Christmas is a time most of us approach with wild abandon when it comes to healthy eating and taking good care of our teeth. With festive buffets aplenty, parties galore and the excuse to graze on edible delights for weeks on end, this can be a pretty traumatic time of the year for the teeth and gums. The good news is that there are ways to ensure your smile survives the festivities.
To combat decay and keep tooth pain at bay, dentists have shared tips and tricks that will prove useful over the coming weeks.
Our diet is the main problem when it comes to festive tooth pain. Many of us consume more sugary and acidic food and drink than normal in the run-up to Christmas and New Year, and this can take its toll. To lower the risk of cavities, infections and toothache, dentists encourage sticking to main meals, avoiding snacking on anything sugary or acidic between meals and opting for healthier, low-sugar alternatives to popular Christmas treats and tipples. If you’re partial to glasses of Prosecco, alcopops or festive hot drinks, for example, switching to a measure of spirit with diet mixers and cups of tea or coffee without added sugar can make all the difference. A recent report by Action on Sugar suggested that some of the most popular seasonal hot drinks sold at high street coffee shops contained more than 20 teaspoons of sugar.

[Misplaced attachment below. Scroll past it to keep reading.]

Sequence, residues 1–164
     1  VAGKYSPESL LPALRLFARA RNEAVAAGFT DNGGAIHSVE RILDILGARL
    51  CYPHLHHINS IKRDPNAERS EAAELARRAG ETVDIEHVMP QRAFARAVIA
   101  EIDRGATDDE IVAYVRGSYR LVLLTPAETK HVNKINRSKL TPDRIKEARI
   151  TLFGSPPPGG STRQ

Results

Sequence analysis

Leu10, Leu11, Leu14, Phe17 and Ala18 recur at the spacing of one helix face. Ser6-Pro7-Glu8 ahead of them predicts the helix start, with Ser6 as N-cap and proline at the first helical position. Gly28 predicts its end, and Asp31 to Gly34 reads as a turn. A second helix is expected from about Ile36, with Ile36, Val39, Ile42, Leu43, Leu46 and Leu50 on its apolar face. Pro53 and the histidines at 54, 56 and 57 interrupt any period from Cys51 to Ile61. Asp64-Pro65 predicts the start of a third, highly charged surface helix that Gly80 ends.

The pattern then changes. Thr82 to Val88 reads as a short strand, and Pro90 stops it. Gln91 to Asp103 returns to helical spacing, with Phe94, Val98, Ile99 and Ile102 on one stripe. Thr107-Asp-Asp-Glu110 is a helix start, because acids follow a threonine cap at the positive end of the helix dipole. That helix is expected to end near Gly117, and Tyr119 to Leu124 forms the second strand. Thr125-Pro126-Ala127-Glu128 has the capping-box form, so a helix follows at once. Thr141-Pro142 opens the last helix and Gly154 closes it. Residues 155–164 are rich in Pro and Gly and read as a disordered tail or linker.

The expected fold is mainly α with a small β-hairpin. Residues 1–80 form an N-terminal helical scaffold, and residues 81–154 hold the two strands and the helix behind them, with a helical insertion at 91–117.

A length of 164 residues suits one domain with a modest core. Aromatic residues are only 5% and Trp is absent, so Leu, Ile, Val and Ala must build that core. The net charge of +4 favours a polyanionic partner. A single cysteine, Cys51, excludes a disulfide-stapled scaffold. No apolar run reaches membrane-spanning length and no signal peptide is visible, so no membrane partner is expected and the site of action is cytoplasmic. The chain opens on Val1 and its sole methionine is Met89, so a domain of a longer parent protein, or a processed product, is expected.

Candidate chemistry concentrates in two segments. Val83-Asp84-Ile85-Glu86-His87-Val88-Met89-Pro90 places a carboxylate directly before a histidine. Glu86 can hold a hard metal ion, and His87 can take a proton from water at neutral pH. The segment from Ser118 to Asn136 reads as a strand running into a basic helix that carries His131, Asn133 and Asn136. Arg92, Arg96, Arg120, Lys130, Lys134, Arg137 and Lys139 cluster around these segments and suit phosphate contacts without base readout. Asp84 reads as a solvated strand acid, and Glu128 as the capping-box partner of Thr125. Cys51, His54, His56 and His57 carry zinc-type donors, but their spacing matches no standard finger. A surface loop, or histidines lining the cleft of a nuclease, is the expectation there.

Another issue is dental hygiene. If you’re rushed off your feet, or you’re getting in late after post-work drinks and office parties, cleaning your teeth might not be your number one priority, but good oral hygiene is arguably more important at this time of year than any other. An effective daily oral hygiene regime should include twice-daily brushing for 2 minutes each time and cleaning between the teeth daily.
Finally, anyone who hasn’t seen their dentist in the last 6-12 months is strongly encouraged to call and make an appointment either before Christmas or in the New Year. Regular routine checks can help to lower the risk of decay and gum disease, as well as ensuring warning signs of issues like mouth cancer are identified and addressed as early as possible.